So, the big question is – do you have the time, expertise, room, and finances to build a prerunner? It isn’t as simple as slap on some kit parts in a day and you’re ready to hit some dirt jumps (unless you really want to bring it back broken on a flatbed). Now is the time to layout the planning and scope of your project. This doesn’t mean it will never be modified again once you’re done or that you can’t adjust spending in one area to help another, but this will help you end up with a prerunner that doesn’t stall out mid-way through the process and end up as a money pit sold for cheap on the internet.
2006 Ford Ranger – carsforsale.com | Shop Ford Ranger on Carsforsale.com
Start with your base vehicle. Is it your personal vehicle? Do you have another vehicle available to use while working on the prerunner? How much are you willing to spend? 2WD or 4WD? What actually is the model of the vehicle and does it have parts available without major customization? Where are you working on the prerunner? Are you personally working on the prerunner or looking for outside help from a local garage? Then once you have in mind what you’ll be working with, you can go down the list and create your wish list of parts.
When it comes to building a prerunner, shocks, struts, springs, sway bars, bascially the whole suspension assembly is getting an overhaul. For starters, don’t buy a cheap bolt-on lift kit off eBay just because “the coils are neon green!” You’ll want quality from a rigorously tested aftermarket suspension brand like FOX, Baja Kits, or Camburg, for example. You can even piece your upgraded suspension together as long as you know what you’re looking for.
Some of the key parts that will be upgraded to create a long travel suspension is the springs and shocks. There are 3 distinct types of springs – coil, torsion bar, and leaf. Coil springs look like heavy duty Slinkys and are typically found installed wrapping around the shocks called coilovers. Torsion bars are flexible bars that can be found connecting from the lower control arm to the chassis mount or the cross member. Then there’s the Leaf springs which looks like several long pieces of metal at varying lengths running above or below the axle.
Now, the way your suspension handles bumps and jumps comes down to your shocks. Your shocks take the brunt of the upward kinetic energy generated from driving and dissipates that energy with friction creating heat. Shocks handle this extreme transfer of energy with the help of thick oil that flows through orifices in the piston of the shock. The technology behind aftermarket shocks has been continuously improved to become more efficient and refined; thanks in part to the demanding world of racing. That means your prerunner build can get racing performance shocks with adjustable fluid valves, rebuildable components, and they’re ready to bolt into a majority of OEM suspensions with little to no extra fabrication.
Your tires are your truck’s connection to the ground. Going with run-of-the-mill tires just won’t cut it for a prerunner. Your prerunner will need hefty tires to really dig into the outdoors while taking punishment from the environment. You’ll also need to take into consideration how much you’ll be driving on the road versus off-road. If this prerunner is basically driving everywhere, investing in all-terrain tires would be for the best, because off-road specific tires have less preferential handling on asphalt, especially in wet conditions.
Some of the big names in performance tires include BFGoodrich, Nitto, and Toyo Tires. Be sure to take your vehicles specs into consideration while shopping. Your suspension will need to provide enough lift and space for travel between the wheels and the wheel well. You’ll also need to take into account how much the enlarged diameter will affect your gearing and how the larger setup will affect your turning radius.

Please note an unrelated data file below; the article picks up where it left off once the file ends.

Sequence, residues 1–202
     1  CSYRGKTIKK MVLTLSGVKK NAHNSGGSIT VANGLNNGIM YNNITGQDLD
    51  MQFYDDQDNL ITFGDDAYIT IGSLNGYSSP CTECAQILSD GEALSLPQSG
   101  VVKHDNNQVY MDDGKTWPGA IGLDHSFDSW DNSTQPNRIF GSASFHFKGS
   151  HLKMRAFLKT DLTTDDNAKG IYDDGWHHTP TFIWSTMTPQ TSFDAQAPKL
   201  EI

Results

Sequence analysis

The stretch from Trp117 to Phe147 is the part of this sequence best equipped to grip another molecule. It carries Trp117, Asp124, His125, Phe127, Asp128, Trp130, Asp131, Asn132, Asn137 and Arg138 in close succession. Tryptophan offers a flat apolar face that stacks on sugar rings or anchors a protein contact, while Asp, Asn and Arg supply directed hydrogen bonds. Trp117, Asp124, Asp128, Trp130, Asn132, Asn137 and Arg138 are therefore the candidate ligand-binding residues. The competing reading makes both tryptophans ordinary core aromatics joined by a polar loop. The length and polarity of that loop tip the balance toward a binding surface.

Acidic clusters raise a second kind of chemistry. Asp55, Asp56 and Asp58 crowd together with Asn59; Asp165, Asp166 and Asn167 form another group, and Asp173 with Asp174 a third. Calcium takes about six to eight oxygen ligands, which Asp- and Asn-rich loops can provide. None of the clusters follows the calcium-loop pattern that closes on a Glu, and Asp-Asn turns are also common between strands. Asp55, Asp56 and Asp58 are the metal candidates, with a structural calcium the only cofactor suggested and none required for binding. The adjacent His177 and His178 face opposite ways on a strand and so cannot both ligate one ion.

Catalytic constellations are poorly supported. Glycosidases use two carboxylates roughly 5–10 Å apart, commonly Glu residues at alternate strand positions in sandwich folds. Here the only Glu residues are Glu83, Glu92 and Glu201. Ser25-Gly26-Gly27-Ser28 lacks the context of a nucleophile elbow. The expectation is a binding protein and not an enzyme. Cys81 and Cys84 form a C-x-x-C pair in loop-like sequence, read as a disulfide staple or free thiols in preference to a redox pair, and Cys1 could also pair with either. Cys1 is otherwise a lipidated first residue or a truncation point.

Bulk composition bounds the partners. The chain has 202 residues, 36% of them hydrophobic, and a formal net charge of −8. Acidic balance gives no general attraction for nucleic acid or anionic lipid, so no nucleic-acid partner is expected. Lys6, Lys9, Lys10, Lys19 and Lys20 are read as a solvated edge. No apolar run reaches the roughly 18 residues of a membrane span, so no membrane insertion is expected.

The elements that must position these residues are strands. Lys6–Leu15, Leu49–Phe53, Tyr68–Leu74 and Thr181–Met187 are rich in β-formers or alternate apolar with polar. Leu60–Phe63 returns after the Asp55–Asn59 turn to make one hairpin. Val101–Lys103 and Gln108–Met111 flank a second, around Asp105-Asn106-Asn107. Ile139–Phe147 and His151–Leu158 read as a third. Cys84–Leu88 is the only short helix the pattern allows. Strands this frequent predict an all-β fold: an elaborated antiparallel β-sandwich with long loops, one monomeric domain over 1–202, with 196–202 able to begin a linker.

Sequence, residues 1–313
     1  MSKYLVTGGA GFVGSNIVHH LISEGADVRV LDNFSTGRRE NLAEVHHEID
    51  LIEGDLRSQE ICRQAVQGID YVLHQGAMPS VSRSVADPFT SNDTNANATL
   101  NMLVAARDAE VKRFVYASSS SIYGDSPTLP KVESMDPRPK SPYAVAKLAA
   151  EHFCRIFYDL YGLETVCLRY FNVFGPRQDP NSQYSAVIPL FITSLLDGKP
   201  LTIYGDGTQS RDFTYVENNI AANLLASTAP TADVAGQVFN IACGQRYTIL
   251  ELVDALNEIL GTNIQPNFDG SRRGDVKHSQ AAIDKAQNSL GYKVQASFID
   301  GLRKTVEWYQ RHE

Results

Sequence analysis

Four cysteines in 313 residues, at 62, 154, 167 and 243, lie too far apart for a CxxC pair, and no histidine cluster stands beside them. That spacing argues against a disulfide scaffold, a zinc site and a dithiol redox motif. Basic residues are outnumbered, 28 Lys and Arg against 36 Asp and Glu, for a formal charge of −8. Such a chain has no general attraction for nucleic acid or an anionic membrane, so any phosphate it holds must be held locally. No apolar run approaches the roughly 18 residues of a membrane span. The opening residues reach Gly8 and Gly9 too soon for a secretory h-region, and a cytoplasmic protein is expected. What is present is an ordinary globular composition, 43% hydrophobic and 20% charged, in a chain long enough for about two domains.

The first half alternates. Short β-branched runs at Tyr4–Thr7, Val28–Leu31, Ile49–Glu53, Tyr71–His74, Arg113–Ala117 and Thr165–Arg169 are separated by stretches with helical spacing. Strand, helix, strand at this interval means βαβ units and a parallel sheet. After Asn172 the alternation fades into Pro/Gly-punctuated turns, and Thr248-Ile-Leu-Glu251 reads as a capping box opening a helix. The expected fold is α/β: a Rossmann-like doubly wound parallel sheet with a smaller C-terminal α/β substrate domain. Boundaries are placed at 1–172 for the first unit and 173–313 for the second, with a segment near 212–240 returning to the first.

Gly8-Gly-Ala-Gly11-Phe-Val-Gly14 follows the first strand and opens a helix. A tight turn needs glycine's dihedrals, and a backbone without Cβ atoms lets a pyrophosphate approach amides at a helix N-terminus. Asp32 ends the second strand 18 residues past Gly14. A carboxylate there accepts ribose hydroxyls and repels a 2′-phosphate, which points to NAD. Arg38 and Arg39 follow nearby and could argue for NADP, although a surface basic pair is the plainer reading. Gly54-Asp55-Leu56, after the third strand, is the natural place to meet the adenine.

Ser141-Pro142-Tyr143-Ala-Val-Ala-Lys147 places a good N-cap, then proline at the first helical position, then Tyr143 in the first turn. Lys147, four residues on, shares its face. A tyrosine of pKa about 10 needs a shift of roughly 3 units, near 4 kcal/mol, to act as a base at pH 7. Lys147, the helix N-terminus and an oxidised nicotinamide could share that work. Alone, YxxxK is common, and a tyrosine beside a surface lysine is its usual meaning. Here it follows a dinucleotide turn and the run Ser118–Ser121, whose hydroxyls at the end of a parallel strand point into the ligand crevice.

Finally, decide whether you’re getting new rims for your setup in conjunction with the tires. If you do venture into the wheel market, make sure to get your diameter and offset right. If you don’t take these precautions when installing new wheels, you can create interference with your brakes and cause excessive stress on your wheel bearings leading to preventable repairs. Another decision involves looking into beadlocking wheels. Beadlocks are a bolted-on ring that secures the bead of the tire along the circumference of the wheel. This keeps the inflated tire wall against the inside of the wheel rim and reducing the possibility of the tire falling off the wheel when under-inflated for better traction.
So, now that the suspension is lifted and the enlarged wheels are ready, it’s on to giving even more breathing room to that area with some body modifications. There’s three ways to go about this. First, cut the stock fenders to provide more room and add plastic fender flares, though results depend on your craftmanship. Second, removing the fenders altogether will give an aggressive look, but also require some added fabrication and you’ll experience a lot more dirt and mud kicked up from your tires.
Lastly, the best option is buying a fiberglass wide body kit. These bolt on fender kits take strong design cues from trophy trucks with wide flares and high arches. Not only do these kits look good, they also help with weight reduction and provide ample travel room for your prerunner’s wheel setup. From there, you’ll need to replace your front bumper with either a raised aftermarket with a skid plate or just straight from grill to skip plate with a bull bar. This will help the clearance needed to hit certain inclines and protect integral mechanical parts behind the skid plate from damage.
After you’ve worked on the suspension, wheels, tires, and adjusted the body of your vehicle, you’re basically looking at a prerunner. From here you really make your own decisions on what you want for the outcome of your project. Things like roll cages, custom fabricated truck beds, light bars, racing seats, racing harnesses, and the under the hood performance are all up to you and how much you’re willing to spend.
Some are willing to stop at a couple thousand and a lifted truck. Others go into the hundreds of thousands and make something truly classified as a prerunner, preforming reconnaissance on the trails of Baja in anticipation of the next race. How far you’re willing to take your prerunner build is up to you. Whether you bought a brand-new prerunner off the lot or you’ve built your decked out prerunner yourself, be sure to share some images of it with us. We’d love to see what builds you’re hitting the dirt with.